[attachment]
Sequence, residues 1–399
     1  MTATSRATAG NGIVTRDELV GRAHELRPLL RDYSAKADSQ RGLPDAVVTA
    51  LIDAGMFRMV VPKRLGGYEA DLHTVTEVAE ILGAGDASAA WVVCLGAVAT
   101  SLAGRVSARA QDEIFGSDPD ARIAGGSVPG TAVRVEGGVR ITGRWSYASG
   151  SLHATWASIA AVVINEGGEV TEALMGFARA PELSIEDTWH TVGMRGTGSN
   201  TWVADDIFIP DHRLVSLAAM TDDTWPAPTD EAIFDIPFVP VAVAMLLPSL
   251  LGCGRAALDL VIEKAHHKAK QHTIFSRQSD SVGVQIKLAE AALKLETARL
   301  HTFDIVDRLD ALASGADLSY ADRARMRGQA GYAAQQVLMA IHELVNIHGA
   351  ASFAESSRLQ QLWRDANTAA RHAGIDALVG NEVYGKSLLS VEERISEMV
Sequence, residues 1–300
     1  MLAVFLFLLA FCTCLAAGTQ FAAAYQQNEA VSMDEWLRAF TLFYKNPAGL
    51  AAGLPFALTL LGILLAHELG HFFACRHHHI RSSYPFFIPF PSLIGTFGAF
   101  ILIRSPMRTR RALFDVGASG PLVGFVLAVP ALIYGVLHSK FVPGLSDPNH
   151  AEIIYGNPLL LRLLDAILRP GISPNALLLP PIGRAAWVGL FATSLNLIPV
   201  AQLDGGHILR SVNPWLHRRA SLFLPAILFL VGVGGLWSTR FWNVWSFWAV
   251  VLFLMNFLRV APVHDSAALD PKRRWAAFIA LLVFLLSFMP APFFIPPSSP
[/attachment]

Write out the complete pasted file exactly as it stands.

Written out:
Sequence, residues 1–399
     1  MTATSRATAG NGIVTRDELV GRAHELRPLL RDYSAKADSQ RGLPDAVVTA
    51  LIDAGMFRMV VPKRLGGYEA DLHTVTEVAE ILGAGDASAA WVVCLGAVAT
   101  SLAGRVSARA QDEIFGSDPD ARIAGGSVPG TAVRVEGGVR ITGRWSYASG
   151  SLHATWASIA AVVINEGGEV TEALMGFARA PELSIEDTWH TVGMRGTGSN
   201  TWVADDIFIP DHRLVSLAAM TDDTWPAPTD EAIFDIPFVP VAVAMLLPSL
   251  LGCGRAALDL VIEKAHHKAK QHTIFSRQSD SVGVQIKLAE AALKLETARL
   301  HTFDIVDRLD ALASGADLSY ADRARMRGQA GYAAQQVLMA IHELVNIHGA
   351  ASFAESSRLQ QLWRDANTAA RHAGIDALVG NEVYGKSLLS VEERISEMV
Sequence, residues 1–300
     1  MLAVFLFLLA FCTCLAAGTQ FAAAYQQNEA VSMDEWLRAF TLFYKNPAGL
    51  AAGLPFALTL LGILLAHELG HFFACRHHHI RSSYPFFIPF PSLIGTFGAF
   101  ILIRSPMRTR RALFDVGASG PLVGFVLAVP ALIYGVLHSK FVPGLSDPNH
   151  AEIIYGNPLL LRLLDAILRP GISPNALLLP PIGRAAWVGL FATSLNLIPV
   201  AQLDGGHILR SVNPWLHRRA SLFLPAILFL VGVGGLWSTR FWNVWSFWAV
   251  VLFLMNFLRV APVHDSAALD PKRRWAAFIA LLVFLLSFMP APFFIPPSSP